|Publication number||US4039103 A|
|Application number||US 05/533,820|
|Publication date||Aug 2, 1977|
|Filing date||Dec 18, 1974|
|Priority date||Dec 18, 1974|
|Publication number||05533820, 533820, US 4039103 A, US 4039103A, US-A-4039103, US4039103 A, US4039103A|
|Original Assignee||Hubert Juillet|
|Export Citation||BiBTeX, EndNote, RefMan|
|Patent Citations (7), Referenced by (13), Classifications (19)|
|External Links: USPTO, USPTO Assignment, Espacenet|
The invention relates to containers for dispensing pasty, semi-liquid and similar products, and to methods of manufacturing such containers.
The invention particularly concerns dispensing containers of the type comprising a deformable hollow inner body disposed within a rigid hollow outer body provided with an outlet fitted with a dispensing valve, the deformable inner body containing the product to be dispensed and the space between the outer and inner bodies a gas under pressure, or vice versa, whereby the gas tends to propel the product through the outlet via the valve.
A known dispensing container of this type includes a metal can forming the outer body and a flexible inner bag of plastics material joined together by dudgeoning ("clinching") with a valve or valve supporting cup, the propelling gas being introduced into the container through an orifice in the bottom of the can which is then closed by a rubber bung.
The plastics material bag has very precise characteristics which enable a predetermined regular deformation thereof under the pressure of the gas to dispense all of the product.
These dispensing containers are very simple and of problem-free use.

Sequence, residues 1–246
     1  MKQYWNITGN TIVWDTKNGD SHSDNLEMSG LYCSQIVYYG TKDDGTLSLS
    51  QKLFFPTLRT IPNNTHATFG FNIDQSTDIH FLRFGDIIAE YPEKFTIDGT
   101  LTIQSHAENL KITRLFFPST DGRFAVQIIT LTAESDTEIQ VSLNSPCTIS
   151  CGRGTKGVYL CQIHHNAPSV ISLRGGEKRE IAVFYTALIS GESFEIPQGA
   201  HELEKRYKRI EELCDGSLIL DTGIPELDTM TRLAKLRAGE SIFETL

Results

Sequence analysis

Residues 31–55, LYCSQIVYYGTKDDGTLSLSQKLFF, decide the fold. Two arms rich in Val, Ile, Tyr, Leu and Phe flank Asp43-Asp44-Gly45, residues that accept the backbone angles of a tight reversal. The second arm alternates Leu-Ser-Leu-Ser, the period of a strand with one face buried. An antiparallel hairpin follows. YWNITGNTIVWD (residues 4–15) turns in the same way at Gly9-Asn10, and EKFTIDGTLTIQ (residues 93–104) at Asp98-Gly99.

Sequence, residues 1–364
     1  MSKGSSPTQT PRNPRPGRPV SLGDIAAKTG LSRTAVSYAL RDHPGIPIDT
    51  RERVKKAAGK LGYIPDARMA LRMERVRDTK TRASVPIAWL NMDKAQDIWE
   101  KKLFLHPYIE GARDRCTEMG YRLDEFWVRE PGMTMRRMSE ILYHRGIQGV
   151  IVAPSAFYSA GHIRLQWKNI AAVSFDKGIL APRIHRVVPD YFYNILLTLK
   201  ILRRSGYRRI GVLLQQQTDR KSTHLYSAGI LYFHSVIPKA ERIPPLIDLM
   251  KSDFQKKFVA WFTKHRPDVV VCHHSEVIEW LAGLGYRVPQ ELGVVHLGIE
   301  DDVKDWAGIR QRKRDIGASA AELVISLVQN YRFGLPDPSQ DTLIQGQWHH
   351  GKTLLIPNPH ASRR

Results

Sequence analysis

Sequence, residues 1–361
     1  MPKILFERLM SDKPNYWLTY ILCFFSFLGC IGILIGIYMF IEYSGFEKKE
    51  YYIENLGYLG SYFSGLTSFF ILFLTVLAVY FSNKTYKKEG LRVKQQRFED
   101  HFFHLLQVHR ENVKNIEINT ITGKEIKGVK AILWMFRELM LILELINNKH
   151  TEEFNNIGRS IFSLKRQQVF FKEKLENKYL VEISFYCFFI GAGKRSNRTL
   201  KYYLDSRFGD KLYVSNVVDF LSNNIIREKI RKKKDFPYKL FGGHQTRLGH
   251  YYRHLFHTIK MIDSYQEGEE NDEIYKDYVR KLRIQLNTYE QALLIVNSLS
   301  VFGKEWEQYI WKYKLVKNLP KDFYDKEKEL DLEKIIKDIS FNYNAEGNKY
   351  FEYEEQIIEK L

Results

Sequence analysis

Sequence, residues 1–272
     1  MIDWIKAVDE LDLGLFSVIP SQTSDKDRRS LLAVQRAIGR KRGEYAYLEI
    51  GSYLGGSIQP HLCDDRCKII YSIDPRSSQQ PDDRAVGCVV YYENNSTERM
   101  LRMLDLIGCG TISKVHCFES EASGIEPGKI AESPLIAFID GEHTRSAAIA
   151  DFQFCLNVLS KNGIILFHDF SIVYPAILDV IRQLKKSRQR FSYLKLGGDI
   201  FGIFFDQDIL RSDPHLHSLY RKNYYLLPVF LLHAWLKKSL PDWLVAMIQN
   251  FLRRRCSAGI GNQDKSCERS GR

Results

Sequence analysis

However, the manufacture thereof is delicate. Moreover, as the can and the pocket are in quite different materials, it is necessary to separately manufacture them before assembly with appropriate fluid-tight sealing joints placed therebetween, and this represents a considerable proportion of the cost price.
An aim of the invention is to remedy or obviate these drawbacks.
According to the invention a container for dispensing pasty, powdery, semi-liquid and similar products comprises a deformable hollow inner body disposed within a rigid hollow outer body provided with an outlet having means for closing the outlet, the inner pocket separating a product to be dispensed from a gas under pressure tending to propel the product through the outlet, in which at least a main part of the deformable inner body is formed in a single integral piece of synthetic plastics material with a main part of the outer body.
Such a dispensing container has multiple advantages, including:
Simplicity of manufacture;
Elimination of sealing joints between the inner and outer bodies, and reduction of the risk of leakage; and
Low cost price compared to a similar container with assembled rigid outer and deformable inner hollow bodies.